Have you ever heard the phrase “interested in the ways in which”? If you have, it was probably uttered by a scholar in the humanities or social sciences, describing their research interests. There’s a good chance that the explanation that followed was rich in jargon, heavy on social theory, and an mostly opaque to anyone not in the same field as the speaker. It was probably also an American or a Brit. (If this doesn’t ring any bells for you, take a look at the search results for “interested in the the ways in which“.) As a fellow graduate student pointed out to me, “the ways in which” has a very strong connotation, marking a certain style of thinking and writing about history and society. Most people that come through giving talks to my program, whether for job talks, colloquia, or some other lectures, can pretty easily be divided into “ways in which” types and people who know how to hold an audience’s attention.
Reflecting on the problems of jargon that come with writing history that is only meant for other historians, I’m working on a paper: “The Pedagogical Semiotics of Interlinguistic Anglophone Discourse, 2008-1999”. On a closely related note, the grad students are think of doing either drinking games or jargon bingo to spice up future talks. “Blah blah blah, blah blah actor’s category, blah blah.” “Bingo!”
On another related note, every would-be historian needs to watch the latest The Simpsons, “That 90s Show”, if you haven’t already. See a few clips here. Choice quotes:
- Suede-elbow-patched associate professor: “Look at that lighthouse! It’s the ultimate expression of phallocentric technocracy violating Mother Sky.” Marge: “I thought they were just tall so boats could see them.” Professor: “No, Marge, everything penis-shaped is bad.”
- Marge: “Did you know that history is written by the winners?” Homer: “Really? I thought history was written by losers!”
Bonus link: PhD Comics on thesis titles
Anytime you see a reference to Paul Feyerabend in the news, you can be almost certain that he’s being misinterpreted or taken out of context.
As newspapers have been reporting, the pope canceled a planned inaugural speech for the beginning of term at La Sapienza University, in response to the vehement objections of a group of scientists there. As the news reports would have it, the issue was that the pope (then Cardinal Ratzinger) had defended the heresy trial and conviction of Galileo, quoting philosopher of science Paul Feyerabend that the judgment against Galileo and his heliocentric theory was ‘rational and just’.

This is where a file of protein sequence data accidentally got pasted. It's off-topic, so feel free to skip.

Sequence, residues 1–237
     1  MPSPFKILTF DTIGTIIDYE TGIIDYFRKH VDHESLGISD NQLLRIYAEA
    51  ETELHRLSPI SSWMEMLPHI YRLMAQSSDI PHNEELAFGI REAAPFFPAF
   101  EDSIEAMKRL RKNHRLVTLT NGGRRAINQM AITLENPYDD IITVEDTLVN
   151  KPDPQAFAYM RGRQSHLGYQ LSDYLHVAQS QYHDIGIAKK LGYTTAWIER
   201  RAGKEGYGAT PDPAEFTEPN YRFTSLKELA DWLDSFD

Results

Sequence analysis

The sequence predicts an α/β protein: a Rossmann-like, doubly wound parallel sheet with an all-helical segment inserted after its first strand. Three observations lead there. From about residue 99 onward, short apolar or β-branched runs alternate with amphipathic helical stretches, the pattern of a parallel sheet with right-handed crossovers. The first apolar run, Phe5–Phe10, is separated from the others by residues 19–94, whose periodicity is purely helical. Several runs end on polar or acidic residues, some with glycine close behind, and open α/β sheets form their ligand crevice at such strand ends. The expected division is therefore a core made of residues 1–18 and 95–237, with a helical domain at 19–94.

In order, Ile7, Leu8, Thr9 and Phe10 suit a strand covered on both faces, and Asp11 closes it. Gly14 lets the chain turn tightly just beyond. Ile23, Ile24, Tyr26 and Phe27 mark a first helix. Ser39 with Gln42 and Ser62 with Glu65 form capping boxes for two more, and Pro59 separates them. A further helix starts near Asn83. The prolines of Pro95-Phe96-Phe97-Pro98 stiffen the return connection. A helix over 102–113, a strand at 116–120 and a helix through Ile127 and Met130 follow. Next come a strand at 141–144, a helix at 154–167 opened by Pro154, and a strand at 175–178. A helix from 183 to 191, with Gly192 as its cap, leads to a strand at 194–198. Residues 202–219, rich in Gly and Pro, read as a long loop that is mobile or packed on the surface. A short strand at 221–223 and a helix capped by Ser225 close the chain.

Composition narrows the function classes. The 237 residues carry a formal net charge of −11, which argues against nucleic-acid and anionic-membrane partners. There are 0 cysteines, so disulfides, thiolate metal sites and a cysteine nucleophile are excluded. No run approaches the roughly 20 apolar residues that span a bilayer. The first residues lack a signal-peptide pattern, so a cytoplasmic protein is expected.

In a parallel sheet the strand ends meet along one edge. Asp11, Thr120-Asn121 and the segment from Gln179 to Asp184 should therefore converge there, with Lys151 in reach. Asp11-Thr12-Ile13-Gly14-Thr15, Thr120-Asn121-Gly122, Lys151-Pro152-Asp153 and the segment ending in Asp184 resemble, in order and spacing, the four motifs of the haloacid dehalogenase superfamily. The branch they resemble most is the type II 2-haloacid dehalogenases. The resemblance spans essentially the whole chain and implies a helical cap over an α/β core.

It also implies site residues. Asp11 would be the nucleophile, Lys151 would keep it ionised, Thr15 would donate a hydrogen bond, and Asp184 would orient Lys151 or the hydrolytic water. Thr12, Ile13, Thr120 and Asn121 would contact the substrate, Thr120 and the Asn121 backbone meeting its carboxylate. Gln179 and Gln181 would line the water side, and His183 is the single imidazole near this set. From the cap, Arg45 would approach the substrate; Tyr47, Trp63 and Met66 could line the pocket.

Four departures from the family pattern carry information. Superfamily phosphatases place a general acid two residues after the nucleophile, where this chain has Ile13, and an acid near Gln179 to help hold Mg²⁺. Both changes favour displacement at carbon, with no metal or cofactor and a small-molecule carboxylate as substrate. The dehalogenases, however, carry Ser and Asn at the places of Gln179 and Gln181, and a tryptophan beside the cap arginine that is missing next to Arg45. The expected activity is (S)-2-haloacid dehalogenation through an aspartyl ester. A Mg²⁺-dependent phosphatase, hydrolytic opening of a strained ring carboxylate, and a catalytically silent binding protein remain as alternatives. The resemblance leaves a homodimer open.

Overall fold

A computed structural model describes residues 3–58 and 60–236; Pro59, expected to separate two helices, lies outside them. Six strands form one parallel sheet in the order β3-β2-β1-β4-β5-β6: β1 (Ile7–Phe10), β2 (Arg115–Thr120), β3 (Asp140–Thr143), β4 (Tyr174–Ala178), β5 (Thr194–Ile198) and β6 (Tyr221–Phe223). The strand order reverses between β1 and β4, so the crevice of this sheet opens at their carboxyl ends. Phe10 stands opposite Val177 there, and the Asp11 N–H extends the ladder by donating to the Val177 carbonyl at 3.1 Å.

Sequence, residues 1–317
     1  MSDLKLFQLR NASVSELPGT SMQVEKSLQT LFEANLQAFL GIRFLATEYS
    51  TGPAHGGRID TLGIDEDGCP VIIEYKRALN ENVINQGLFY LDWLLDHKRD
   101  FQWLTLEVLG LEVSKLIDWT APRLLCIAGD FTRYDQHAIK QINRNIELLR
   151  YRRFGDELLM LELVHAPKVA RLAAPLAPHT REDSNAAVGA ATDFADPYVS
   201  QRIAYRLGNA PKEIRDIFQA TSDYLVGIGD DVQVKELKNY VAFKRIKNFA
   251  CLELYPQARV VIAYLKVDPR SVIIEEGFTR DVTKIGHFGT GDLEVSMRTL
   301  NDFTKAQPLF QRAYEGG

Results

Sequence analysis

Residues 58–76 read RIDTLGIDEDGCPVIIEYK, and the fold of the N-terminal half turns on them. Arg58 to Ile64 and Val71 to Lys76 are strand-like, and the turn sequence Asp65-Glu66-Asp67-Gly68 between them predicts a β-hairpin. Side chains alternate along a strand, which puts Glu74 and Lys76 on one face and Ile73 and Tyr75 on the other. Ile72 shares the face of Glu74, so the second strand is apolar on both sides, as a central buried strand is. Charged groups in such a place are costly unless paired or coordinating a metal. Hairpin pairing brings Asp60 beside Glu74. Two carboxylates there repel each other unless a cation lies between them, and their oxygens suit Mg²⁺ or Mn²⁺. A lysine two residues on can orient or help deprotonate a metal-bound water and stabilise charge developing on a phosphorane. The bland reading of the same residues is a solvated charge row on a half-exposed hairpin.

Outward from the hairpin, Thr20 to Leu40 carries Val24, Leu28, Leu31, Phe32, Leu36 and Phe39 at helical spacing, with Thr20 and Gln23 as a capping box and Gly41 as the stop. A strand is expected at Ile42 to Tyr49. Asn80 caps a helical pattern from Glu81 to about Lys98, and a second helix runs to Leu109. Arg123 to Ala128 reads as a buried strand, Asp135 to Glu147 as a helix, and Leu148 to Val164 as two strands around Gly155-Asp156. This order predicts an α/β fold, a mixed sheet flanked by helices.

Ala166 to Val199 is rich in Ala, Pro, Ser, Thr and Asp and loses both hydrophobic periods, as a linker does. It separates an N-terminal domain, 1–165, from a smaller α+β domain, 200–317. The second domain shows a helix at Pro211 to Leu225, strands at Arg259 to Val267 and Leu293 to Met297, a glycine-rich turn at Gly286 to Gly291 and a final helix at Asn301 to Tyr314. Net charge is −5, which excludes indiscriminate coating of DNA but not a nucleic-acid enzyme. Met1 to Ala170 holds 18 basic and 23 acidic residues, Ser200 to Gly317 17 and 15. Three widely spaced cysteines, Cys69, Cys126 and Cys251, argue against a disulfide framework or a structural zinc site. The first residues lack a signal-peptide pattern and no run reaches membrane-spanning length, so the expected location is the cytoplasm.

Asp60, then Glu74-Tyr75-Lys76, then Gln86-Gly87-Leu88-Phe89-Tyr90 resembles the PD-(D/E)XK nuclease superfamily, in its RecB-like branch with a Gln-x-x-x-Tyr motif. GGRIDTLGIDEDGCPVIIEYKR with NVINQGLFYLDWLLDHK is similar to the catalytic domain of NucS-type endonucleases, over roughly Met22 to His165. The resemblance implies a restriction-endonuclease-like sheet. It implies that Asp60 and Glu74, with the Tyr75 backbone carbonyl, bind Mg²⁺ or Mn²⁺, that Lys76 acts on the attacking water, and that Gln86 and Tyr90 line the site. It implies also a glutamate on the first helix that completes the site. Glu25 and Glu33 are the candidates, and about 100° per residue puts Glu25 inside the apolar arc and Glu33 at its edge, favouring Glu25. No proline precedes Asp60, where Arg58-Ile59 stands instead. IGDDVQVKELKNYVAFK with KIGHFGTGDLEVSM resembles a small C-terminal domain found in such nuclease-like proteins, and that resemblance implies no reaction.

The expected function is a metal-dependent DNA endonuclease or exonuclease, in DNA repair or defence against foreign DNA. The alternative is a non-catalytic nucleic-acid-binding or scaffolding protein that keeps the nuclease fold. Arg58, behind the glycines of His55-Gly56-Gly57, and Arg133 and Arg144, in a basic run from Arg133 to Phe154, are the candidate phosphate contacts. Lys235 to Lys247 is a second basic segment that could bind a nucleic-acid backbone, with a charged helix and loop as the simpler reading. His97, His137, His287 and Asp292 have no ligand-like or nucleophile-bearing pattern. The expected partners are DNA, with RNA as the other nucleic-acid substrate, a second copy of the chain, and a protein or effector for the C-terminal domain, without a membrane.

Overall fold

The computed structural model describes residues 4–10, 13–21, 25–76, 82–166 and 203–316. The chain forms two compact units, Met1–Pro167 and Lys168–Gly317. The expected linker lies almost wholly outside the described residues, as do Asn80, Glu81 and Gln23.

In this case (according to seemingly knowledgeable philosophers on the HOPOS mailing list and in the comments of this Leiter Reports post), Ratzinger invoked Feyerabend as one example of anti-rationalist thought, not necessarily as his own view. And the quote, while perhaps literally accurate, is a translation from the Ratzinger’s Italian speech, probably based on the German version of Feyerabend (either Against Method or Farewell to Reason). Feyerabend argued that the church’s position was rational in that the weight of scientific evidence really did favor heliocentrism at the time, and (to quote Barry Stocker’s comment from the Leiter post) ” had the right social intention, viz, to protect people from the machinations of specialists. It wanted to protect people from being corrupted by a narrow ideology that might work in restricted domains but was incapable of sustaining a harmonious life.”
That is, neither Feyerabend nor Ratzinger were suggesting that the judgment was just in the sense of Galileo having been wrong about heliocentrism (or his interpretation of scripture to square with heliocentrism).
But to be fair to the scientists protesting the pope’s speech, their main issue is not Galileo but the Vatican’s positions about the relationship between science and the church. As one professor explained on the CBC’s As It Happens (part 1, about 18 minutes in), it’s the tension between a religious authority and a secular university that’s the real issue; the pope has no place in the secular scholarly activities of the university, he argues.
But Galileo vs. the Church is always a good hook for a story. Don’t expect the misuse of the Galileo Affair, or of Feyerabend, to go away any time soon.